The car was hot, and the air conditioning was high. Our family was on our way to Bay Cliff Health Camp, way Up North. It was the summer of 2005 and we were spending a week of it helping handicapped kids. My dad had been a counselor year before, and he wanted to give us the opportunity to be one too. “The experience definitely changed my life,” he explained. “You guys will have fun for sure,” he reassured.
The drive seemed to last forever, and the humid air made my legs stick to the leather seats. We soon pulled into the long driveway of a beaten up hotel. The wood that was supposed to be pure white, was a rusted yellow, and the grass was sharp and brown. From the very beginning, I thought, “Wow this will be interesting.”
The next morning my family woke up at 10:00 am to head to Bay Cliff. The camp was so close to the hotel you could walk there without getting tired. It was July 4th, and all the kids would be going in a parade later in the day, but we went early to get to know some of the kids there.
We were greeted by a big sign that read, “BAY CLIFF HEALTH CAMP”. We walked out of the hot air into a big air-conditioned building. The inside was just as big as the outside had looked, and the smell of new wood stuck in my nose hairs. The woman behind the wooden desk greeted us with a big smile.
“May I help you?” she questioned. “We were just wondering what the kids were going to be doing today,” my dad replied. “Well, since today is the 4th of July, we’re letting them play games until the parade,” the lady smiled again. “They always enjoy that.” “Thank you very much,” my dad said, and then we were out back into the heat again.
We soon saw a ton of kids in wheelchairs and crutches playing games. The kid’s smiles reached their ears as they played the various games. The kids giggled when their faces were getting painted with any design they wanted. I went over and sat on a bench because the heat and mosquitoes were getting to me.
Immediately the kids started to come up and just tell me their names. “Hi, I’m Cody. Who are you?” a little girl, maybe seven, asked me. “I’m Shannon. I came here to see if I want to be a counselor when I turn sixteen,” I replied. “Oh! You’re going to want to be one Miss. Shannon, it’s a lot of fun here, and everyone is really nice,” she explained. Not five minutes had passed before tons of other little kids came up and told me their names.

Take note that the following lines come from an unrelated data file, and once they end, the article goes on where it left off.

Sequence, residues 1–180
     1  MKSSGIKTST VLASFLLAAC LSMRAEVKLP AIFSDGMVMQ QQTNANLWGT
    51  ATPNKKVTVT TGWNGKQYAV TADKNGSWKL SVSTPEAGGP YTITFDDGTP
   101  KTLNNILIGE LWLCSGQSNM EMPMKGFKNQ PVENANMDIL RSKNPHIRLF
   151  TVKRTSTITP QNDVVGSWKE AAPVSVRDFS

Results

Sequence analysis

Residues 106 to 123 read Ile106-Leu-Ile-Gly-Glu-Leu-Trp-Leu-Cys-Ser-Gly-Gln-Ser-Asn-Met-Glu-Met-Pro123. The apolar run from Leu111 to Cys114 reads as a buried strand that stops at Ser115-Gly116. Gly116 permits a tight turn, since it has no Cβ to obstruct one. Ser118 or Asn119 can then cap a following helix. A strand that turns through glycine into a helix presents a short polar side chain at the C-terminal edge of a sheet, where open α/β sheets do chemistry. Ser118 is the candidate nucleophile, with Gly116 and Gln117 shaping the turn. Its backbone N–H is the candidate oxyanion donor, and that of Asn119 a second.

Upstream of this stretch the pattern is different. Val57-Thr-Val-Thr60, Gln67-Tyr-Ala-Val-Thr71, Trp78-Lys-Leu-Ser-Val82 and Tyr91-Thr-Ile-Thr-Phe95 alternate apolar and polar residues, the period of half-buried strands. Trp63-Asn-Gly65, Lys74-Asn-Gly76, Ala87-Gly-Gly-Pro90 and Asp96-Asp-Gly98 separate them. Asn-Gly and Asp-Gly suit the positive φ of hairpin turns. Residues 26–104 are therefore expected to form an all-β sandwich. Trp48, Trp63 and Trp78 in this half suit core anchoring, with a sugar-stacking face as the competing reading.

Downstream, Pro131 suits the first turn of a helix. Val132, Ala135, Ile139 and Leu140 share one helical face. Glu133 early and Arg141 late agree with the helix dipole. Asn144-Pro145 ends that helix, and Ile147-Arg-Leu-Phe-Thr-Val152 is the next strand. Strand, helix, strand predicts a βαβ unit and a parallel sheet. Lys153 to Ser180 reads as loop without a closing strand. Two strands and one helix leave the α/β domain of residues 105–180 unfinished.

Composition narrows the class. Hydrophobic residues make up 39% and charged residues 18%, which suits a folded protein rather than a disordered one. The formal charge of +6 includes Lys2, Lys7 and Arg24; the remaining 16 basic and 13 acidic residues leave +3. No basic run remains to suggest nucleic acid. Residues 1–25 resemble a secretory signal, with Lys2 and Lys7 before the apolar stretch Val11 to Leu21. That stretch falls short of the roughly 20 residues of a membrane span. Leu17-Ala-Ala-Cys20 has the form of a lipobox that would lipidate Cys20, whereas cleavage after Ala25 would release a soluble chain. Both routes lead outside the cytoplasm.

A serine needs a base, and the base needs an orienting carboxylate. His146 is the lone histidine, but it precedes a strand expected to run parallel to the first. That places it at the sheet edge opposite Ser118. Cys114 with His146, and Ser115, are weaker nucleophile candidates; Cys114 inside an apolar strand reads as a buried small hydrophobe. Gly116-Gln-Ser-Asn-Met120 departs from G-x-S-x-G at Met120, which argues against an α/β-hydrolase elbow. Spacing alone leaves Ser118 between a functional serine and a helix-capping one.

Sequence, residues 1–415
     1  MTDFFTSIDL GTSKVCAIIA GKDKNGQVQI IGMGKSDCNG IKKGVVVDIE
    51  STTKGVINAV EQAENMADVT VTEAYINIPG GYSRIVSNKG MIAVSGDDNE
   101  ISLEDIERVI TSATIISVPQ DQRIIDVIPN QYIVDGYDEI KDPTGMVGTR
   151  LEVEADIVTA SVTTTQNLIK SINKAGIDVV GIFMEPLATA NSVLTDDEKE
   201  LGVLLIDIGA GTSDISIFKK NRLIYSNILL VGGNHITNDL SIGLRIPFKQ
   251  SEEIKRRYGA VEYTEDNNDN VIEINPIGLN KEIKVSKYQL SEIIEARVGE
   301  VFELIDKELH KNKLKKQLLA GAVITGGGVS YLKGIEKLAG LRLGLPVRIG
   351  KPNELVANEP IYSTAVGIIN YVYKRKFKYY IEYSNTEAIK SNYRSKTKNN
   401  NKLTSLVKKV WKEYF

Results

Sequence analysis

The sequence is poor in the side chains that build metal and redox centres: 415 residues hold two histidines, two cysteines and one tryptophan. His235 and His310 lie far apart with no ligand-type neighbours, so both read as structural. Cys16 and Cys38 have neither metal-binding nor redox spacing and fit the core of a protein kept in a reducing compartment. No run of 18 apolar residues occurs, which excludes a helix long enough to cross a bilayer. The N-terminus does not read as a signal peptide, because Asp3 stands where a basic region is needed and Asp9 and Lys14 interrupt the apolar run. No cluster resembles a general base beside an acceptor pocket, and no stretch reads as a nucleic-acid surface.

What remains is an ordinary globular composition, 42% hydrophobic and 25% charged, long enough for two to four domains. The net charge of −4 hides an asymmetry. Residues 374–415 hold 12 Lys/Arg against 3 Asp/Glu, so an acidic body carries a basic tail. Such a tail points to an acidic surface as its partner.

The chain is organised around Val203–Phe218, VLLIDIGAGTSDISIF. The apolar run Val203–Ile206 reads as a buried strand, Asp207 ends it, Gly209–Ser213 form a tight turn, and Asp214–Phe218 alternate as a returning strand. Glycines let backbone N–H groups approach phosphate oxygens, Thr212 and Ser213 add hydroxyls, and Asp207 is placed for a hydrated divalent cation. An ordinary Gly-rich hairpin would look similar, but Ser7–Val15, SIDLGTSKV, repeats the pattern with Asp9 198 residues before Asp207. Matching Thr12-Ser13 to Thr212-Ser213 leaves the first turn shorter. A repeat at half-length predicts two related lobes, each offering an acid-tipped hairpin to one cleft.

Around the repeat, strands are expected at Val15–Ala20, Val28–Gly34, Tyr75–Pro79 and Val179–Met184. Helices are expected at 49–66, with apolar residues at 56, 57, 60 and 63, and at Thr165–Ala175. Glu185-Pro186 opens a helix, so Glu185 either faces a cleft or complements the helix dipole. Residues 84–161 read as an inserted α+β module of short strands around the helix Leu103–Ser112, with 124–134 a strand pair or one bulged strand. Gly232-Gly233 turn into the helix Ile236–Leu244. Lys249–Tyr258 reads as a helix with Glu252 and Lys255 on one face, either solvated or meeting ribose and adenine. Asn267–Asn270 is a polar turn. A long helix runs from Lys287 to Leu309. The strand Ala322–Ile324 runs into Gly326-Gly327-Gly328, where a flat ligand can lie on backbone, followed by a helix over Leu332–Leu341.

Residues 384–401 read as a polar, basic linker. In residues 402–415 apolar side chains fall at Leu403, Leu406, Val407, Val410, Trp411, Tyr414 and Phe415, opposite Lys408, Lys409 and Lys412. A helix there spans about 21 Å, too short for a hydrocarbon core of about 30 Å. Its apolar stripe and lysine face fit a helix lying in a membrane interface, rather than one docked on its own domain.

I was invited to five tables at the “Big House” also known as the cafeteria. The meal was set before me, and I didn’t feel right eating the food they had made. They made this for the kids, not me, I thought, maybe I should just not eat, and maybe they won’t notice. After a while of debating, I decided to eat because my stomach was growling louder than the kid’s laughs were.
“How long are you staying for?” one of the younger counselors asked. “Just for a week,” I told her. “I’m planning on being a counselor when I turn sixteen.” “Oh, that’s really cool of you to do,” she said. “It’s a lot of fun working at Bay.”
Before I knew it, the parade was going. The kids threw candy, and their smiles lit up their whole face with joy. The kids made their wheelchairs into cars, and they made signs for their cabin. The kids dressed up in cheerleading costumes and basketball uniforms. I had already fallen in love with these kids.
The week I was at Bay Cliff went by way to fast. It was soon departure day, and I knew it’d be pretty hard to say goodbye to all the kids. I hugged every kid I had gotten to know, and every time I did, there was a feeling in my stomach. It was as if this whole vacation, the whole camp was all for a reason.
That’s when I realized what I wanted to do when I got older. I wanted to work with little kids, with or without disabilities. This camp made me open my eyes to my possibilities. I loved being with little kids, and I loved seeing them happy. From that moment I knew what I wanted to be.